What’s over is over. Dead. Gone. Past. Guilt has no place in Life.
The most enduring image of the ICC World Cup T20 Final between England and West Indies of Sunday night at the Eden Gardens, Kolkata, is of England bowler Ben Stokes sinking to his haunches, his head buried in his hands. He sank that way, not once, but three times in four balls. Windies’ Carlos Brathwaite had just smashed him for four sixes in a row and had snatched away the T20 World Cup from England with two balls to spare!
When Stokes lifted his head from his hands, after the winning sixer was hit, he was looking devastated. He was reduced to a bundle of guilt and grief. England captain Eoin Morgan did what every great leader does – he rushed to his man’s side and encouraged him to move on. Even so, the way Stokes was feeling – and looking – just then, I thought he would be clinging on to his guilt for way too long. But in about an hour, I saw his Tweet which showed that he was indeed ready and willing to let go and keep walking.
And from my own experience let me assure you, that’s the only way to deal with guilt. We must understand that intent, integrity and hardwork do not necessarily produce proportionate results. Outcomes, just like Life itself has, have a mind of their own. Which is why the Bhagavad Gita encourages us to focus on the effort and not on the result. Sunday night belonged to Brathwaite, to Darren Sammy’s anger with the West Indies cricket system, to the Caribbean people. So the World Cup went to them, virtually at the nth second. But that doesn’t mean Stokes was bad or that he’s a loser. It was just not meant to be his night. This is the only attitude which can help us face and deal with this inscrutable Life.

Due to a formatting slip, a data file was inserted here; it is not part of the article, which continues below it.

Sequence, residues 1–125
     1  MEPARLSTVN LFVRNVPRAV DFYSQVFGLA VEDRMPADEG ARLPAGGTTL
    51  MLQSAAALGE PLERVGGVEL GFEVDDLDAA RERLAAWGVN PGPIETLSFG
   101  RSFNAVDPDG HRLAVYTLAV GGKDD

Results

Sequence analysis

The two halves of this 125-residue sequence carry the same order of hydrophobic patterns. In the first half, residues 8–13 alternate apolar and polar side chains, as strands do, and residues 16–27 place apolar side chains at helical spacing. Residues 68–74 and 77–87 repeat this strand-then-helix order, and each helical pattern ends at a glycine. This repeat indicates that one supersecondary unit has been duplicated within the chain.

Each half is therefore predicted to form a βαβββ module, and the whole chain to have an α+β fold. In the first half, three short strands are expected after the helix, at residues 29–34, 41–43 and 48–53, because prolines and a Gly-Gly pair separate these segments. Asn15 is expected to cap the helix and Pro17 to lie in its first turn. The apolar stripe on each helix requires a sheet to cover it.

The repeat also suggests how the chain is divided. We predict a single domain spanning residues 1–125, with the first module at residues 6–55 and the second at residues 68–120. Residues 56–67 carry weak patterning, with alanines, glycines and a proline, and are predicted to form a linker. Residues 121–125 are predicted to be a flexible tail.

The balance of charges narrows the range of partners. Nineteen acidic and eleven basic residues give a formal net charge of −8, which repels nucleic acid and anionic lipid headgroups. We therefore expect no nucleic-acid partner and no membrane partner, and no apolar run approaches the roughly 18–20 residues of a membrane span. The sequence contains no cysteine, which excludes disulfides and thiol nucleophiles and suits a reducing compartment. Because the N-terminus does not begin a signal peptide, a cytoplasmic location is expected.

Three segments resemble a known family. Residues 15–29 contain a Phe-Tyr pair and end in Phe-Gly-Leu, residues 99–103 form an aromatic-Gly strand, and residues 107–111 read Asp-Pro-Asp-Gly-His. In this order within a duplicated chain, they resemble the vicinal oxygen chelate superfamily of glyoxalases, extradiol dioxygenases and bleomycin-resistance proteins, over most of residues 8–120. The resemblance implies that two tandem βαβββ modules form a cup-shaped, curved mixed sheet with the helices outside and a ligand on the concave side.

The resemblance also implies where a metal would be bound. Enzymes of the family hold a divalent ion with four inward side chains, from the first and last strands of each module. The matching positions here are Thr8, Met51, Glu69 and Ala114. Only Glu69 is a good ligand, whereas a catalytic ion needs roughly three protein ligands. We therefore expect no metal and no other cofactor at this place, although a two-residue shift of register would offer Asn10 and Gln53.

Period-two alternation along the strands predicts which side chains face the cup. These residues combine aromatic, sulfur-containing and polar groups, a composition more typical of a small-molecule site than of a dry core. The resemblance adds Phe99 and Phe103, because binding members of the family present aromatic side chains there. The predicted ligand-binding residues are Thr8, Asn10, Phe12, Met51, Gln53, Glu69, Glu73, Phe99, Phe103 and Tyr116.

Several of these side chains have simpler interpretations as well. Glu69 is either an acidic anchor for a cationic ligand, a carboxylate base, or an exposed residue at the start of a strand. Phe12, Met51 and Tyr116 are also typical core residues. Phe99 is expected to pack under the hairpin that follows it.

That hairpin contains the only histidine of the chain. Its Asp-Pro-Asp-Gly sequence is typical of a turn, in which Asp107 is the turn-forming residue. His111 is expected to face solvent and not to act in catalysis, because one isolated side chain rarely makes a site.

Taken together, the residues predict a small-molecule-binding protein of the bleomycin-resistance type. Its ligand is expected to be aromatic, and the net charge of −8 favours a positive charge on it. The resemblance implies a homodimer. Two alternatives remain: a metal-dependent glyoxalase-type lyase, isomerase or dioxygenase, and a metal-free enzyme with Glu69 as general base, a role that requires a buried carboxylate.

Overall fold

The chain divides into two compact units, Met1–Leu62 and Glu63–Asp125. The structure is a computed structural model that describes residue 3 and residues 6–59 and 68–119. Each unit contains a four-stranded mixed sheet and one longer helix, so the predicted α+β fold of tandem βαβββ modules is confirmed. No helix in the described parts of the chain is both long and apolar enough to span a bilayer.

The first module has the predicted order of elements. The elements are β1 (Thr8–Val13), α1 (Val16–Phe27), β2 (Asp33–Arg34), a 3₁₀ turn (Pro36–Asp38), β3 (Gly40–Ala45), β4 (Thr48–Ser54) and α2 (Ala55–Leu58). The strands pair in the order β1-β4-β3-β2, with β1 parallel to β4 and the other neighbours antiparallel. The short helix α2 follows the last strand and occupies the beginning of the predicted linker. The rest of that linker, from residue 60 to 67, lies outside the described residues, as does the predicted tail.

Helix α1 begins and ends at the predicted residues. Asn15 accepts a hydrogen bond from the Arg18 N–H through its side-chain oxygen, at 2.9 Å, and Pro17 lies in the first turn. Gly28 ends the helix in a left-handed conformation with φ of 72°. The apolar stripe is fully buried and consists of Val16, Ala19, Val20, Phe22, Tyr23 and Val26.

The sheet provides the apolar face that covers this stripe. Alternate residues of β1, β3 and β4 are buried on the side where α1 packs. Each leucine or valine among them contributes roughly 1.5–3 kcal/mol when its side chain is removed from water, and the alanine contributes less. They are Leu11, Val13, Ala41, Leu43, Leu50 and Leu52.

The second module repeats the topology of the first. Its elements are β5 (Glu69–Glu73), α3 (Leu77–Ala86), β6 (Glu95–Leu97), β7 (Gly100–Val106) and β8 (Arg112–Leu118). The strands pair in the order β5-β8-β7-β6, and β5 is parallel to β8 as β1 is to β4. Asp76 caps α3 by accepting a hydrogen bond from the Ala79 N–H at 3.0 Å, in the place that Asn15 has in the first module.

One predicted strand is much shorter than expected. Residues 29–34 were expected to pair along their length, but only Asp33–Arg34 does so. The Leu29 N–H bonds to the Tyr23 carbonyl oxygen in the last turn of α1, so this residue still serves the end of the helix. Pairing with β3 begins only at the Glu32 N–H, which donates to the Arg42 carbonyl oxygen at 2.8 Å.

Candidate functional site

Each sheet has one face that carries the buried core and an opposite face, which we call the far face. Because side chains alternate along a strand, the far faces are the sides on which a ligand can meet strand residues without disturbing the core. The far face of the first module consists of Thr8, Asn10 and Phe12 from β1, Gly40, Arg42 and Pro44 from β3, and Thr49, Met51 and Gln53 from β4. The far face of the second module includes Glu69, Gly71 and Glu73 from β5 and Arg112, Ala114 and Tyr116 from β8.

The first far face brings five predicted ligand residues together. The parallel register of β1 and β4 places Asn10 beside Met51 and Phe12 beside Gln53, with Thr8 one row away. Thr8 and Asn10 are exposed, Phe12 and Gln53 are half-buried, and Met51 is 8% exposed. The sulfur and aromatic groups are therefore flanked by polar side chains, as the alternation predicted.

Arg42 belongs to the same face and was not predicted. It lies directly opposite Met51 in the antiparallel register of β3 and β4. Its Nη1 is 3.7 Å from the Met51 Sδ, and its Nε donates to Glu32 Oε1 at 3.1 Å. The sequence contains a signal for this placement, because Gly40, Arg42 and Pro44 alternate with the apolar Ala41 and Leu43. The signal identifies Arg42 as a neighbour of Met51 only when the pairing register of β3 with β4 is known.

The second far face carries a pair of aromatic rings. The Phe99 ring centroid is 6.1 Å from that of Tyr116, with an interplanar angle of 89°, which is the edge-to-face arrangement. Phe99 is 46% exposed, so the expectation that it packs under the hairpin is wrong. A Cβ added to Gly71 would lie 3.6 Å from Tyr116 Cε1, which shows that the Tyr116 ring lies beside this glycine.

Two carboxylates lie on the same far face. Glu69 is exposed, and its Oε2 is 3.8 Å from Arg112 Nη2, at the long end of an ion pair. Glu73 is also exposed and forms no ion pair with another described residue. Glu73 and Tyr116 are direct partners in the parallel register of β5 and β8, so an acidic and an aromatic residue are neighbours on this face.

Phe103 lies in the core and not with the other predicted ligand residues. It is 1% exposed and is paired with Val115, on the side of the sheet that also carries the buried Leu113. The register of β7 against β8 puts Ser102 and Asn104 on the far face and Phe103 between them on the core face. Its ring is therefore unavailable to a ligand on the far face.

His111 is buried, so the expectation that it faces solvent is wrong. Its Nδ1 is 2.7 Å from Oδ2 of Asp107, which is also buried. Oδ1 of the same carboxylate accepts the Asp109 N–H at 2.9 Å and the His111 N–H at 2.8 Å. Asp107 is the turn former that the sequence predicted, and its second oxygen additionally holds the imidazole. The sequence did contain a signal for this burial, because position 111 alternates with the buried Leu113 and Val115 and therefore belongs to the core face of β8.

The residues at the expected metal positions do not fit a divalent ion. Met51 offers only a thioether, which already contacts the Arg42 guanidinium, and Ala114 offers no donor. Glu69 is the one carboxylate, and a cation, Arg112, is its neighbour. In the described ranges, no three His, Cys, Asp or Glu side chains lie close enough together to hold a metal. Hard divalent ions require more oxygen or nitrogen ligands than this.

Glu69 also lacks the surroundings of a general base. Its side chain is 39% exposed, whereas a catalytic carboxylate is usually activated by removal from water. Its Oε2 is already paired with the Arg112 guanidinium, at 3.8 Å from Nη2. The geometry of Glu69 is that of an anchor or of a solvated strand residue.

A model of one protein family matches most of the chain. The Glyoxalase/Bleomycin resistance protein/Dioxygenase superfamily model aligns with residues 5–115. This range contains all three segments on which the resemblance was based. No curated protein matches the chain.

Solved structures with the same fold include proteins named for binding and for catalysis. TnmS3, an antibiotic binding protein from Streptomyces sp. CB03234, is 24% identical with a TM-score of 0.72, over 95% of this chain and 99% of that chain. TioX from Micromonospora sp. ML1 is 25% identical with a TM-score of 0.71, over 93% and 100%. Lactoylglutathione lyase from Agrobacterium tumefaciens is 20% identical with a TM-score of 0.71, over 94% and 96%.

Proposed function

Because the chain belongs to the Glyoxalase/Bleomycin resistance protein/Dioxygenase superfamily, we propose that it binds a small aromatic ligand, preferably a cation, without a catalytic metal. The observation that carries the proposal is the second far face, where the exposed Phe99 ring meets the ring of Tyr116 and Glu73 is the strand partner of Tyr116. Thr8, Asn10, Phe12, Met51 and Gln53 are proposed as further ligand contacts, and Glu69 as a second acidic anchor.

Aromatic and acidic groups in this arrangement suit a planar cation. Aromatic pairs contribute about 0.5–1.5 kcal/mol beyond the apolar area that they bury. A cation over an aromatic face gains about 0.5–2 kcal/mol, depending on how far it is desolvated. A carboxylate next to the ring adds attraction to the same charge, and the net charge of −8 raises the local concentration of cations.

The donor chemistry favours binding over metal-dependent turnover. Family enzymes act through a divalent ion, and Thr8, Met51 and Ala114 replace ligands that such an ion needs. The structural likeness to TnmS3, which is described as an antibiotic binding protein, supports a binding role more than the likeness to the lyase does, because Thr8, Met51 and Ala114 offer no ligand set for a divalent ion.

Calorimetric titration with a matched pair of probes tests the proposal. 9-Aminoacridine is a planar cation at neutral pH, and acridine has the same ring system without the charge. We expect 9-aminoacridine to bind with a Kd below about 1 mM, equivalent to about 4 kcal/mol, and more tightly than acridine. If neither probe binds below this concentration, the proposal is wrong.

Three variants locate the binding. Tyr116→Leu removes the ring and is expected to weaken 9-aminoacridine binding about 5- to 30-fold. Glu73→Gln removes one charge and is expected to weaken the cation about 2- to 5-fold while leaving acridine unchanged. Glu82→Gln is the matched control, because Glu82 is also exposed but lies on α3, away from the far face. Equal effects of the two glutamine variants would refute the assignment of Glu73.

Guilt and grief, over what has happened and what you contributed to what has happened, are wasted emotions. When guilt arises, like it did in Stokes, it will push you down. But you must bounce back. And that’s where detachment with outcomes helps. I have learnt to deal with guilt by asking myself the following questions: did I do my best in the given situation and did I act with integrity of purpose and in everyone’s interest (to whoever I am responsible for)? If I answer ‘yes’ to both questions, I simply move on. Unmindful of the outcome of my actions. Of course, whether it turns out that I have put in my best or that I must work better and harder, there is always a learning with each new experience. So, as I move on, I keep internalizing the learning – and oftentimes, I keep unlearning too.
All of us have this ability to bounce back from a debilitating situation. All it takes is to say no to guilt and grief, and to move on!